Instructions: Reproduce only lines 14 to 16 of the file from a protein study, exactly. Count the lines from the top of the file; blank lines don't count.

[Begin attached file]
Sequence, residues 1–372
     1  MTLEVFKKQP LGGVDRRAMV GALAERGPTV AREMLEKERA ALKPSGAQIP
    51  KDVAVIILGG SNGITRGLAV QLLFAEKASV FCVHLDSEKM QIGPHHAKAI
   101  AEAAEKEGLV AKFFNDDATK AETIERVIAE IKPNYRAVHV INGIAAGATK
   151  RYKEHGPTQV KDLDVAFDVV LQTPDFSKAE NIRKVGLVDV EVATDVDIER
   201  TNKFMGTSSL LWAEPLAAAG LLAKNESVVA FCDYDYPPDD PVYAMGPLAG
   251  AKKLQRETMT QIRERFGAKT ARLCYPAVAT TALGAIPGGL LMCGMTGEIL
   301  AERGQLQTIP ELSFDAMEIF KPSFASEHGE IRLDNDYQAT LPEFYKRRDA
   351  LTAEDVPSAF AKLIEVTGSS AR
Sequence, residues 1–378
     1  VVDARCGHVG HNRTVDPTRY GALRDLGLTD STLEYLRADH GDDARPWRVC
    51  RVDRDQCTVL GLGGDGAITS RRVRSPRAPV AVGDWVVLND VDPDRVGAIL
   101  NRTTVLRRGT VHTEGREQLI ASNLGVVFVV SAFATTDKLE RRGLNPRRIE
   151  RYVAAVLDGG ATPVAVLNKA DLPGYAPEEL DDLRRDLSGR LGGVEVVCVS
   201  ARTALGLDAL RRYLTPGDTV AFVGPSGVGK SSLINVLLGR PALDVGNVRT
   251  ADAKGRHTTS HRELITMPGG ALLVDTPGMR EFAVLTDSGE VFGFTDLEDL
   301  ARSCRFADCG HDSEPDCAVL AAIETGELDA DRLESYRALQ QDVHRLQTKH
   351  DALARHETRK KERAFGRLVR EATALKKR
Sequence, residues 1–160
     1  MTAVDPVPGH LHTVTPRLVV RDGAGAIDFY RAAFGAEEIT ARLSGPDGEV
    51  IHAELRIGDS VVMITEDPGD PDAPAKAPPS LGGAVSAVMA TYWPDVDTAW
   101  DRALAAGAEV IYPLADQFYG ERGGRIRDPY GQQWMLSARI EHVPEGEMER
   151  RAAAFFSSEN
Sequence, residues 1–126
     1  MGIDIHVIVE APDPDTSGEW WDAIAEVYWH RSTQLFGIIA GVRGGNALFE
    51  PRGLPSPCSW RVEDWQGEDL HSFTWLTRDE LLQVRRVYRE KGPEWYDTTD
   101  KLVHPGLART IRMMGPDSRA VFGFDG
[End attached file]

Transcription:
   151  RYVAAVLDGG ATPVAVLNKA DLPGYAPEEL DDLRRDLSGR LGGVEVVCVS
   201  ARTALGLDAL RRYLTPGDTV AFVGPSGVGK SSLINVLLGR PALDVGNVRT
   251  ADAKGRHTTS HRELITMPGG ALLVDTPGMR EFAVLTDSGE VFGFTDLEDL